The discourse of sustainable development has gained significant traction since the 1980s and can, especially after the introduction of the UN 17 Sustainable Development Goals, not be overlooked as one of the most important environmental discourses today. Sustainable development is built around the core belief that it is possible to achieve a prosperous, fair and environmentally sound future within the current economic system. It is necessary, however, to adjust that system: it must be ‘greened’.
Sustainable development takes a small step away from free-market fundamentalism and our faith in technology. But the step is small, indeed. According to mainstream sustainable development discourse, a qualitatively different universe of discourse and action is not needed to bring about transformational change. This can be achieved within the current political-economical paradigm.
“Green business is good business”, says UN Secretary General, Antonio Guterres, and continues: “it is not just the right thing to do. It is the smart thing to do (…) Those who fail to bet on the green economy will be living in a grey future”. The colour-coded message of the Guterres shows us that sustainable development points towards green possibilities beyond grey industrial society. What, you may ask, are the possibilities sustainable development points towards?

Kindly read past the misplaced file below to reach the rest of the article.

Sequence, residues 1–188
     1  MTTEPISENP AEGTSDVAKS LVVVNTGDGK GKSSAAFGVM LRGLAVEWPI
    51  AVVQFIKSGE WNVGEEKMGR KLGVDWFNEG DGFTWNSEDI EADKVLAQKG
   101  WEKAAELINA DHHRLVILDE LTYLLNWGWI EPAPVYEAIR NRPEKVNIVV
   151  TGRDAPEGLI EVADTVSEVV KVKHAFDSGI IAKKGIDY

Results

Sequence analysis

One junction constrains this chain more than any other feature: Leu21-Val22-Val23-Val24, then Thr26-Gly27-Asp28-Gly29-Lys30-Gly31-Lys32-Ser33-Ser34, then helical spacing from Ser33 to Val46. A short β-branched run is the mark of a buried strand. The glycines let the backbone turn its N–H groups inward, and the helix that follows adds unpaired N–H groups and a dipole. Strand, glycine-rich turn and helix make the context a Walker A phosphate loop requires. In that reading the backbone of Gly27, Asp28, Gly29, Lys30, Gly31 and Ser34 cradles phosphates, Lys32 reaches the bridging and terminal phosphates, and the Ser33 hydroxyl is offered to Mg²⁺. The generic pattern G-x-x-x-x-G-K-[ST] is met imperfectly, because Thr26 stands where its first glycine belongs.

An ideological basis
To begin with, it creates an image of a “have-it-all”-future where doing good is not just the right thing to do but also the smart thing to do. It assumes that there is a positive-sum relationship between economic growth, environmental protection and distributive justice. A simple tuning of the current economic paradigm will ensure that the three dimensions are in harmony to the joy of people across the world. Same instrument, same tune, but in an appealing green colour.
But let us pause for a second. It is worth dwelling on the meaning of the “current economic paradigm”. When we talk about the current economic paradigm, or simply the economy, we do not talk about a purely economic paradigm. ‘The economy’ is always also an ideology which transcends the economic sphere and includes our most intuitive understanding of the world. This includes basic understandings of what the good life is, what motivates people, and how people relate to one another. The strictly economic paradigm is just a part of this larger ideological structure. If we accept this as true, it becomes clear that to create a truly different society, the task consists not only in adjusting an economic paradigm, but first and foremost in understanding the basic ideological structure in which it is embedded. This means that palpable, practical issues to a certain extent need to be understood through more abstract, ideological structures.
“We propose to look very serious”
This, of course, is a complex and difficult task. In the words of Oscar Wilde, it is so because “it is much more easy to have sympathy with suffering than it is to have sympathy with thought”. Consequently, practical issues at hand are often prioritised at the expense of ideological critique. “Accordingly,” Oscar Wilde continues, “with admirable though misdirected intentions, they very seriously and very sentimentally set themselves to the task of remedying the evils that they see”.